Hrvoje Medarac is Scientific / Technical Project Officer at the JRC's Energy Technology Policy Outlook Unit. His main interests are cogeneration power plants and the use of biomass for energy purposes. Hrvoje graduated with degrees in mechanical engineering and economics and holds a PhD in economics. He gained his professional experience in the private sector, with the Croatian national energy authority and at the JRC.
Biomass in the form of log wood has traditionally been used for heating purposes since the discovery of fire and even now it is a very important energy source. In the year 2012, almost 54% of total renewable energy in the EU-28 came from biomass, while in the heating and cooling sector the share was 86%. The amount of biomass used for heating/cooling purposes is expected to increase by 24% between 2012 and 2020, while its share in the renewable energy mix is going to decrease slightly due to faster proliferation of other renewable sources1. When looking at the primary energy level, the expectations are that by 2020 biomass could contribute 13% of the EU primary energy demand2.
At national level, the highest amounts of biomass are used in large countries like Germany and France or countries with long heating season like Sweden and Finland. In order to reach their 2020 targets, most Member States will have to increase the use of biomass for heating and cooling purposes but some, such as Estonia, Austria and Slovenia, have already reached their targets, as indicated in the map above.
At household level, biomass for heating purposes is traditionally used in stoves where log wood or briquettes are fired to generate heat in a decentralised way at typically low efficiency between 10% and 30%3. Besides stoves, small scale boilers can also use similar types of fuel for small, household central heating systems. These systems can usually also use smaller sized fuels like pellets or wood chips, which enable automatic feeding. In recent years, with the development of modern condensing wood pellet boilers, the efficiency of these systems has increased to almost 90%.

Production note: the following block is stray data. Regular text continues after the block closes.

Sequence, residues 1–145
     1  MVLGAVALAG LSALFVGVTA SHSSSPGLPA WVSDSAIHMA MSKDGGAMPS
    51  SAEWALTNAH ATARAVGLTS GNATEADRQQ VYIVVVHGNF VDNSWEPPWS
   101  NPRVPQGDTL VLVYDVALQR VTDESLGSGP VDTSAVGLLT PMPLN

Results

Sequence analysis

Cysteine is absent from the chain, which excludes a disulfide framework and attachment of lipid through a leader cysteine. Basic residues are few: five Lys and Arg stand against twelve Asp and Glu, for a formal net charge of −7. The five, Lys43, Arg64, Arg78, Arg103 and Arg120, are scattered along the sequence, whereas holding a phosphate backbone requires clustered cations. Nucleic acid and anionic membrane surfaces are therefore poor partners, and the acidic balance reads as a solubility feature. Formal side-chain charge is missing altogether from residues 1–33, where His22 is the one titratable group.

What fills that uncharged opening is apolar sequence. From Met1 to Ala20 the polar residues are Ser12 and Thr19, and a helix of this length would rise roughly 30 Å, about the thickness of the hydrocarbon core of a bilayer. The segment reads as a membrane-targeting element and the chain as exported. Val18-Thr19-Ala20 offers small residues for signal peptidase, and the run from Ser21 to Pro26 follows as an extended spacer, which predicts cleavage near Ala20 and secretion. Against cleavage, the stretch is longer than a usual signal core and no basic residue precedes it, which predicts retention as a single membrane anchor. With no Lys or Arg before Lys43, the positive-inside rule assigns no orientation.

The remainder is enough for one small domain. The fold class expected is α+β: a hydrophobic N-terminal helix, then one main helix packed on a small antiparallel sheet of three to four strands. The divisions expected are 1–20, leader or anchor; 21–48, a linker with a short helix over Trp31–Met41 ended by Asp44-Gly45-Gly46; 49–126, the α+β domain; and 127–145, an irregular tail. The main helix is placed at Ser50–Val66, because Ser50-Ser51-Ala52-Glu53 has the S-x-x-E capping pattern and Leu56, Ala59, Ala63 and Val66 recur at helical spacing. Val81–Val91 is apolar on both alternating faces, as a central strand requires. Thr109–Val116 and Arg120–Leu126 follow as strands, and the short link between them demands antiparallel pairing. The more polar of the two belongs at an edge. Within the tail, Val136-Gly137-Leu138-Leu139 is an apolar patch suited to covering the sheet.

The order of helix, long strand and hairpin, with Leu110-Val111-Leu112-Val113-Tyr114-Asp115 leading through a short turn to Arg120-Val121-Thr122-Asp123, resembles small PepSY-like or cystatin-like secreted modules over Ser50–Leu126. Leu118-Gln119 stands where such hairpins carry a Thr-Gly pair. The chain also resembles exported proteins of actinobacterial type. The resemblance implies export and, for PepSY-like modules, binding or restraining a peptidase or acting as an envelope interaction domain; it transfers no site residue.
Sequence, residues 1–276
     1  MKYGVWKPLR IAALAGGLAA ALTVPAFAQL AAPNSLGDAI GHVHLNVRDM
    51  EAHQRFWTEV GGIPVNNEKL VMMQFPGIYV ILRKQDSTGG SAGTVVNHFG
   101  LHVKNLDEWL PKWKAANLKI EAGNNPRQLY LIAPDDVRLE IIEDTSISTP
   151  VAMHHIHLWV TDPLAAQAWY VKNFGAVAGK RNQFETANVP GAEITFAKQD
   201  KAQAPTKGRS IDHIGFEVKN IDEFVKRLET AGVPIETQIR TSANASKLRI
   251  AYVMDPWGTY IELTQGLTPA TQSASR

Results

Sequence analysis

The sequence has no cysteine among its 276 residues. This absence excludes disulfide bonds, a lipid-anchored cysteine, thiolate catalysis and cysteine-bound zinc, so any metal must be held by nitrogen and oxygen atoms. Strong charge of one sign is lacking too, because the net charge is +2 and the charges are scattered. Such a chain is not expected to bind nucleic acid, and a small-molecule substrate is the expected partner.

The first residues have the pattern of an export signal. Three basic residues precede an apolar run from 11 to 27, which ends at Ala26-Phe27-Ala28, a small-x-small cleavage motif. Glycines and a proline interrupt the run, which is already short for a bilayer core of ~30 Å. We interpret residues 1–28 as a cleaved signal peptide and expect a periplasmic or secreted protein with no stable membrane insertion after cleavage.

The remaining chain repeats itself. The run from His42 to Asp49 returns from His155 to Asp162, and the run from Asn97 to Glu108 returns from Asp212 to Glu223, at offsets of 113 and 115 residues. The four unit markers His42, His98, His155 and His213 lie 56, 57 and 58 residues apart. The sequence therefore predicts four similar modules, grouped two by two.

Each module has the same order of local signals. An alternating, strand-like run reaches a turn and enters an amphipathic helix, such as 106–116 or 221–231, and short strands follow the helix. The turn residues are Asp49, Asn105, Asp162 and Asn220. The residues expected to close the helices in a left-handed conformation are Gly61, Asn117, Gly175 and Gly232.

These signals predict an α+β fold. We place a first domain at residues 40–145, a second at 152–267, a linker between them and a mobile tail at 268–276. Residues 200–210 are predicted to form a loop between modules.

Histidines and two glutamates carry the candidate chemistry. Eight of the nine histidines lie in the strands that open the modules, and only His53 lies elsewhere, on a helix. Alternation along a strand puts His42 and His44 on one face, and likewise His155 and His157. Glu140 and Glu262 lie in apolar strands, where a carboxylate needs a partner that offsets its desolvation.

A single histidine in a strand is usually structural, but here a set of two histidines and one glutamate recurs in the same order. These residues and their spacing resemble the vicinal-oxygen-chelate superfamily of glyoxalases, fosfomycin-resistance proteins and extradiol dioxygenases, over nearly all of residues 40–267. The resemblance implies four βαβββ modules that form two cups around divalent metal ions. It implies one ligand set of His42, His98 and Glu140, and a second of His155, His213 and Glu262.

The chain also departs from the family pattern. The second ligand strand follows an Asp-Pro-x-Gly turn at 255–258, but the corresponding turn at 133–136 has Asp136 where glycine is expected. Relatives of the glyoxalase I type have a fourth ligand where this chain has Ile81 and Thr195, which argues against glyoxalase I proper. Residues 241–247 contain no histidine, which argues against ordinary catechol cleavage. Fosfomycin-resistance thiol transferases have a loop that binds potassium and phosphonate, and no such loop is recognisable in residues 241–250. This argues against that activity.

Middle-sized centralised systems dedicated to heat generation in small networks use fuels which enable automatic feeding, like pellets or wood chips, and usually use hot water boilers to generate heat at the level of up to 90% efficiency. In wood industries it is not uncommon to find fire-tube steam boilers which generate saturated steam for industrial use and provide heat for heating purposes by the means of heat exchangers.
Larger district heating systems and industrial plants fuelled with bio-origin fuels usually use cogeneration technologies. In the case of solid fuels, like straw, forestry biomass, municipal solid waste or sewage sludge, water-tube steam boilers are often used, usually with a grate incineration system and sometimes with fluidised bed incineration. The steam turbine - generator set is used to convert energy from steam to electricity, while either bleeds or back-pressure outlet are used to generate heat in the form of steam. The use of condensing instead of back-pressure turbines increases operational flexibility and makes it possible to increase the profitability of a plant by selling more electricity to the grid. The efficiency of these plants directly depends on the way the plant is operated: with high heat generation and low electricity generation the overall efficiency may exceed 80%, while in the case of low heat generation and high electricity generation the efficiency may drop below 30%.